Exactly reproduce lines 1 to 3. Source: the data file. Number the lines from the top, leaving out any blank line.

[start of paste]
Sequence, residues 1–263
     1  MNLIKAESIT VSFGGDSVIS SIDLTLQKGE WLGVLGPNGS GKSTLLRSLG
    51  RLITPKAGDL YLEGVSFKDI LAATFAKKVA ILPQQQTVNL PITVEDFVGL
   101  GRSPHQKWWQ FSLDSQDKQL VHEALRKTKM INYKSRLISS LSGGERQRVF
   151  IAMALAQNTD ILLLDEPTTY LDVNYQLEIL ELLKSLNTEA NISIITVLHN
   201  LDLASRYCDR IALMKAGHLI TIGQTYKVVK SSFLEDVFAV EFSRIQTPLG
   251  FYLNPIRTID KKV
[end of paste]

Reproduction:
Sequence, residues 1–263
     1  MNLIKAESIT VSFGGDSVIS SIDLTLQKGE WLGVLGPNGS GKSTLLRSLG
    51  RLITPKAGDL YLEGVSFKDI LAATFAKKVA ILPQQQTVNL PITVEDFVGL